I loved my job. They tried to convince me that after we were married Greg should move in with me into their basement. I could nanny and Greg could transfer to a school nearby.They tried to make this option as attractive as possible. I sort of loved the idea, but it really wasn't all that feasible.
All this time Greg was responsible for putting the show together. I think my mother was his biggest helper, but he really did much of the arranging. I did nothing. He booked us a date at the Salt Lake temple on December 20th. There were --- sealings being preformed on that day. Ours was at eight thirty a.m. One of Greg's very best friend's was at eight. Oops. Our mutual friends had to make a choice. And we couldn't attend each other's weddings. Oh well, marriage is the main thing we were all after, and we were getting that, at least. We decided against a reception. Greg had no family (blood related, at least) to attend, and the people I grew up around were all in California. Plus we knew a lot of people would already have gone home for the holidays, and would therefore be out of state. Plus I never cared about things like receptions. I mean, if the situation had been different I would have probably wanted one, but mostly I wanted to be married.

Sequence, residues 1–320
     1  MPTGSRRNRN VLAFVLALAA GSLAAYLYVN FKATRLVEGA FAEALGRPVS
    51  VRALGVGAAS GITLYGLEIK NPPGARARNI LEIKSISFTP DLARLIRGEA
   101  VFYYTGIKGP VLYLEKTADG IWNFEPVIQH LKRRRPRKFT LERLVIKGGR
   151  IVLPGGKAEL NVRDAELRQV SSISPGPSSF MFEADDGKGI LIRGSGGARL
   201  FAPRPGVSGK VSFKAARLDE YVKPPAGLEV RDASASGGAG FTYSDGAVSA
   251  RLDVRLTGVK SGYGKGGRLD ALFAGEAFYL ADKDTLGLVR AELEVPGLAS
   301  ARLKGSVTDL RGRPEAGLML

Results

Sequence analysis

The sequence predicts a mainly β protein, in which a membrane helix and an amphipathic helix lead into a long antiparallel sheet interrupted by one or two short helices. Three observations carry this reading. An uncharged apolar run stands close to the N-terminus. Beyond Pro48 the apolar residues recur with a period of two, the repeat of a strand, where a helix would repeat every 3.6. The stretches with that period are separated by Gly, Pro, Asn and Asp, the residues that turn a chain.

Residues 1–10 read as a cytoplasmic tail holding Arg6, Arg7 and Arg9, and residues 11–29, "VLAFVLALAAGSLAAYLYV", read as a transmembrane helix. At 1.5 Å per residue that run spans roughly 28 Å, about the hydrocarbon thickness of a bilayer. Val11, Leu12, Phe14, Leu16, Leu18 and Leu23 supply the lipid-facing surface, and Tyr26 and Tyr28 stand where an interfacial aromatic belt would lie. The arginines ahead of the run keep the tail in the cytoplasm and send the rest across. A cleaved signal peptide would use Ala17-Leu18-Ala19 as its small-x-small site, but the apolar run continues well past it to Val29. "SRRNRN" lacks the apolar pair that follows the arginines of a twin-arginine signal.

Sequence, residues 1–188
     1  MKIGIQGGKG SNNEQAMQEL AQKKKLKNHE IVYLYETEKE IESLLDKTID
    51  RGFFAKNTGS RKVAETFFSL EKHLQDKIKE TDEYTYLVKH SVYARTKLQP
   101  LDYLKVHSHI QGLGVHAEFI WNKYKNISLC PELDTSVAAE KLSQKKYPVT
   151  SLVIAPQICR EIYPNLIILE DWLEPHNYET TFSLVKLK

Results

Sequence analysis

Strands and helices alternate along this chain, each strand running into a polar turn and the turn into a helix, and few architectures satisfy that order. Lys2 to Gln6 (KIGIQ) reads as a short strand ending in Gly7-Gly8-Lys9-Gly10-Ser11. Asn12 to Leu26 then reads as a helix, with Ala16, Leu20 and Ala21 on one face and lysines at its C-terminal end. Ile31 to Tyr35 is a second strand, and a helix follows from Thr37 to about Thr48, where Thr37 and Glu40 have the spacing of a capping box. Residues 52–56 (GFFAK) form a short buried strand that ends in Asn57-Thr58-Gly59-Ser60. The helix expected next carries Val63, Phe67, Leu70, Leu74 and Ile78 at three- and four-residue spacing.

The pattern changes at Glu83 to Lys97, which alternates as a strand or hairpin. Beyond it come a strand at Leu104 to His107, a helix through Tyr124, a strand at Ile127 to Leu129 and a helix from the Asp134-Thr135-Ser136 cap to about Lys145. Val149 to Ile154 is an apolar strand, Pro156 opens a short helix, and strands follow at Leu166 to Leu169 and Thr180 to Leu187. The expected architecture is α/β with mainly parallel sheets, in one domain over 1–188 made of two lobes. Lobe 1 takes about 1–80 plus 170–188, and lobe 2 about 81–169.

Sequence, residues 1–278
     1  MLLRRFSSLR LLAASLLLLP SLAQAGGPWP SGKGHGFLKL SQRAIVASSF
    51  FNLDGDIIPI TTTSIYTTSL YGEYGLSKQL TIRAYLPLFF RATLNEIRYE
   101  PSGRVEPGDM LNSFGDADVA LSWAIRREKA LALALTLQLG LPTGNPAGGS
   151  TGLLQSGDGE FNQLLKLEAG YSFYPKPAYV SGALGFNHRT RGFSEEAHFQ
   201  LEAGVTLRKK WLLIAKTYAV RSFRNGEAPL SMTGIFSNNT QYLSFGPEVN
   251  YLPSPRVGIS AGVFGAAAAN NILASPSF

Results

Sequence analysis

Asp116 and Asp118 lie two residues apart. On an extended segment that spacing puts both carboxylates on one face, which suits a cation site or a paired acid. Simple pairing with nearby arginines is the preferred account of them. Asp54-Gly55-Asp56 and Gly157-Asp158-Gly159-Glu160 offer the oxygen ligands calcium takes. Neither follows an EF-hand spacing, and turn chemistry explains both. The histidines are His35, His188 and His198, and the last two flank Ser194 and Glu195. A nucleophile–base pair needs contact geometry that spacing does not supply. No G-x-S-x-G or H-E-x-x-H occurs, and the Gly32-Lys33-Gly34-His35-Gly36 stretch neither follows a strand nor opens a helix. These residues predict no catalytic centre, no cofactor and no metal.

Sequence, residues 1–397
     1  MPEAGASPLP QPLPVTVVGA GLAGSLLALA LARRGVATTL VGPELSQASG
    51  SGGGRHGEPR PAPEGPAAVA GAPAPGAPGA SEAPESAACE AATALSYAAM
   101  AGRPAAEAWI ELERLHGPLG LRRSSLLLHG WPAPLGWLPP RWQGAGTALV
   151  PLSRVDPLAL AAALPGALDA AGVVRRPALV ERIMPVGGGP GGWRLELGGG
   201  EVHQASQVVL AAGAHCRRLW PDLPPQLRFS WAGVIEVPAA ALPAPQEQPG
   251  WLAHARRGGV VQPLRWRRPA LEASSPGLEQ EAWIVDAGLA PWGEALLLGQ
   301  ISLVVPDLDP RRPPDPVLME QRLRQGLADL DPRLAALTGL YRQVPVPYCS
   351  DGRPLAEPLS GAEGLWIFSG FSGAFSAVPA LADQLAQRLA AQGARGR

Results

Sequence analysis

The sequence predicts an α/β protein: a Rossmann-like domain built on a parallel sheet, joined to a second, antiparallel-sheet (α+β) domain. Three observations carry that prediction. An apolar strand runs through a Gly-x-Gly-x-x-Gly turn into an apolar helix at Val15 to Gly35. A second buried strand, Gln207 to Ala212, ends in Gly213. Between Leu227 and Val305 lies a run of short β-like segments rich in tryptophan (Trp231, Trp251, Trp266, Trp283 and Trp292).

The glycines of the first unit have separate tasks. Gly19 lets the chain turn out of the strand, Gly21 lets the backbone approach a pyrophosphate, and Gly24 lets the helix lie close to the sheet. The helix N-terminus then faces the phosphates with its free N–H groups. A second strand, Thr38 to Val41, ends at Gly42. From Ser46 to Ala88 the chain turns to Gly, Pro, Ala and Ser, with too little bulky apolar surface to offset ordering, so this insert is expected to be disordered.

All this time I'd been searching for a replacement nanny. One of the girls who had lived in the apartment upstairs from me in Provo had a sister that might be interested. She was! And she had some experience with children. In talking to her on the phone I wasn't blown away by her, but she sounded nice. The parents talked to her as well and agreed that she was the one. I was so relieved!